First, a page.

Giulio Cesare Brancaccio was a Neapolitan nobleman with long practical experience of military life, first in the service of Charles V and later as both soldier and courtier in France and then at the court of Alfonso II d'Este at Ferrara. He was also a virtuoso bass singer whose performances were praised by both Tasso and Guarini - he was even for a while the only male member of the famous Ferrarese court Concerto delle dame, who established a legendary reputation during the 1580s. Richard Wistreich examines Brancaccio's life in detail and from this it becomes possible to consider the mental and social world of a warrior and courtier with musical skills in a broader context. A wide-ranging study of bass singing in sixteenth- and early seventeenth-century Italy provides a contextual basis from which to consider Brancaccio's reputation as a performer. Wistreich illustrates the use of music in the process of 'self-fashioning' and the role of performance of all kinds in the construction of male noble identity within court culture, including the nature and currency of honour, chivalric virtÃ¹ and sixteenth-century notions of gender and virility in relation to musical performance. This fascinating examination of Brancaccio's social world significantly expands our understanding of noble culture in both France and Italy during the sixteenth century, and the place of music-making within it.
Table of Contents
Contents: Introduction. Part 1 Identity of a Performer: Napolitano y de buena casta; Sieur Jule Brancasse, gentilhomme ordinaire de la Chambre du Roy; Il piÃ¹ veterano tra' soldati. Part 2 Bass Song: Il basso del Brancazio; Per basso solo; Basso alla bastarda. Part 3 Performance of Identity: Poco preggio di soldato, ma anche di Corteggiano; Tra novelle sirene; Canti in dolce tenzon. Appendices; Bibliography; Index.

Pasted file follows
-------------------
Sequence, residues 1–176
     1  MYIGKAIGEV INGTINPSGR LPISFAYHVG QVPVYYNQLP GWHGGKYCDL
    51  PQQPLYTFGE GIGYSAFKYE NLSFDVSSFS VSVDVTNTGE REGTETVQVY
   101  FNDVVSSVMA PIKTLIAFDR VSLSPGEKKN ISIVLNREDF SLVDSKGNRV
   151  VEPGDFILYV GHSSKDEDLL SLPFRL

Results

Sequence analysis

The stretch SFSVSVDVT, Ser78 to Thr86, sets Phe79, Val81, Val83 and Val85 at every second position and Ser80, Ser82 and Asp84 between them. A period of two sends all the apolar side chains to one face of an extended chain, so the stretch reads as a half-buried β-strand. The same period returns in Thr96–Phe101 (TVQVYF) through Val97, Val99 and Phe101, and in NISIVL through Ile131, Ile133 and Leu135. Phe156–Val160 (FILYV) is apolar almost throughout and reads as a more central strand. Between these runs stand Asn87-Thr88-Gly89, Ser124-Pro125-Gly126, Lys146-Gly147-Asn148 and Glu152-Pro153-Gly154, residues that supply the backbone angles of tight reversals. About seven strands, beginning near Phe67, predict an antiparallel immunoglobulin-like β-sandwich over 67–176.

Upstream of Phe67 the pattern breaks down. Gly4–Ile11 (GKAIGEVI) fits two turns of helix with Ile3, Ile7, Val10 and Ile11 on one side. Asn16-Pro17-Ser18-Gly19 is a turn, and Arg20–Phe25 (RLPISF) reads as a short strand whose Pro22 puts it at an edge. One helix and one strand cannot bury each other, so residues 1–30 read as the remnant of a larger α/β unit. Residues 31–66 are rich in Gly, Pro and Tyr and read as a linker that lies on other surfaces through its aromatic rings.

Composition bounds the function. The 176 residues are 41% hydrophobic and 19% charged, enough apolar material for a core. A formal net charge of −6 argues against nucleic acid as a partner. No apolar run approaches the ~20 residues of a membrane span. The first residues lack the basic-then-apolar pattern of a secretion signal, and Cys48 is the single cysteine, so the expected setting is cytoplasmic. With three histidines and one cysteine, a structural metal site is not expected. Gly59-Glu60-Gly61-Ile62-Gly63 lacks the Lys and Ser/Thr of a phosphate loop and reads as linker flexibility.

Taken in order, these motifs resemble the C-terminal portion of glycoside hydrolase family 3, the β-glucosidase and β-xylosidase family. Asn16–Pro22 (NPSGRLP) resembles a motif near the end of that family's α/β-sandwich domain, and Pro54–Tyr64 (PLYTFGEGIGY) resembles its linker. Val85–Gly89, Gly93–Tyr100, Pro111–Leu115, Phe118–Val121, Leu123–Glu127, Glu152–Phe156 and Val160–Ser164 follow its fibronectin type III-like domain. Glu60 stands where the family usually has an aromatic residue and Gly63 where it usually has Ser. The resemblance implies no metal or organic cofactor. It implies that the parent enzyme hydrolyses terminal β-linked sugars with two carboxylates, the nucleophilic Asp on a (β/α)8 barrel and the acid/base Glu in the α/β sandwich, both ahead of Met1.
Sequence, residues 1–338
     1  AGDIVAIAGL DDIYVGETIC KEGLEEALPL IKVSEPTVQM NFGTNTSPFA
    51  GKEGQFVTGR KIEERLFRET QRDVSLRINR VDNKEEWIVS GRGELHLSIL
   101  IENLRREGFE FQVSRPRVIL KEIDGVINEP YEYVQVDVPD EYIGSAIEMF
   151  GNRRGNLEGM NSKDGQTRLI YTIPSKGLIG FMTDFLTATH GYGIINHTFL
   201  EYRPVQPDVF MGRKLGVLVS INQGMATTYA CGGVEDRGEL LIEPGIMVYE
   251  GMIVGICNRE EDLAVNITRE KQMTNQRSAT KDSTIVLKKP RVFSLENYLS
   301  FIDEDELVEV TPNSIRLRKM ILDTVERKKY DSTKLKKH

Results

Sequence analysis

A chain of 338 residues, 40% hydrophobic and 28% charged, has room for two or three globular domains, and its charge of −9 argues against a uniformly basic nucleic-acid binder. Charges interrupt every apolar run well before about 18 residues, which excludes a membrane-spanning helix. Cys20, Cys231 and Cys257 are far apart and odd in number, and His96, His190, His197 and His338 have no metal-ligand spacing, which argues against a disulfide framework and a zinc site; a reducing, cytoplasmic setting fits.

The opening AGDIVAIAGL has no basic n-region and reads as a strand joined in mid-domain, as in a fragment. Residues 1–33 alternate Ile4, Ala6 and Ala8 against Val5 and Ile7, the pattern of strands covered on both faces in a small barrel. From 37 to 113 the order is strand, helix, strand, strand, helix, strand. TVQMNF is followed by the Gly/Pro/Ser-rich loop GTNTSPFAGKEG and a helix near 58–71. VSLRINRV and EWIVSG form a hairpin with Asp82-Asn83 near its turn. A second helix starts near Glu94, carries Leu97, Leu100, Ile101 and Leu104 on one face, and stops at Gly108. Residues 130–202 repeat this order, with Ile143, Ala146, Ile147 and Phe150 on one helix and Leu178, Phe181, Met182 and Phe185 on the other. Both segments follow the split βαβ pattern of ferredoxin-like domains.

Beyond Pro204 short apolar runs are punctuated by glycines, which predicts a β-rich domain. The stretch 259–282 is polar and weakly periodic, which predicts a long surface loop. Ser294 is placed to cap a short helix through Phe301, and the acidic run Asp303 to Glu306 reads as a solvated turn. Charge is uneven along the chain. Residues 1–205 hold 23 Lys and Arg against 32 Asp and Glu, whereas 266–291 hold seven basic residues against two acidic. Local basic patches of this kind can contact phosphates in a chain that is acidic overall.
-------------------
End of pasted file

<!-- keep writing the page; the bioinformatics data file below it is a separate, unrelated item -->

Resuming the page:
’This is well worth reading...’ Early Music Review ’To tell such a life's story demands that biographer be as versatile as subject, skilled in social and literary history, musicology, and archival research. Richard Wistreich, himself a world-class bass, deploys such skills and more in the book under review... a book at once rich in new documents and insightful interpretation.’ Renaissance Quarterly ’Wistreich’s accomplishment in this book is not only to provide a wealth of new documents and interpretation that adds to, and sometimes changes, what we think we know about mid- to late 16th-century music and performance practice, but also to spur on further research and musical experimentation, and to provide an effective alternative model for musical biography.’ Early Music ’... in the course of this fascinating biography, Wistreich has made significant contributions not only to our understanding of the performance of sixteenth-century repertories, but to larger issues of the role of music in culture and, indeed, of culture in music. That the means to these ends turns out to be a real page-turner is a bonus we don’t often get in musicology.’ Notes ’... [an] innovative and well-crafted biography ... this book makes a major contribution to cultural and social history, musicology, and gender studies, demonstrating how musical practice and especially vocal virtuosity interacted with other aspects of male noble identity in the late Renaissance.’ Sixteenth Century Journal 'Wistreich's biography provides an important corrective to musicologists' usual view: singing came low in Brancaccio's list of priorities as an honorable nobleman and he saw himself first and foremost as a warrior. ...This significant book will obviously appeal to musicologists, but it should also interest anyone working on performance of gender and class in the early modern period.' Renaissance Studies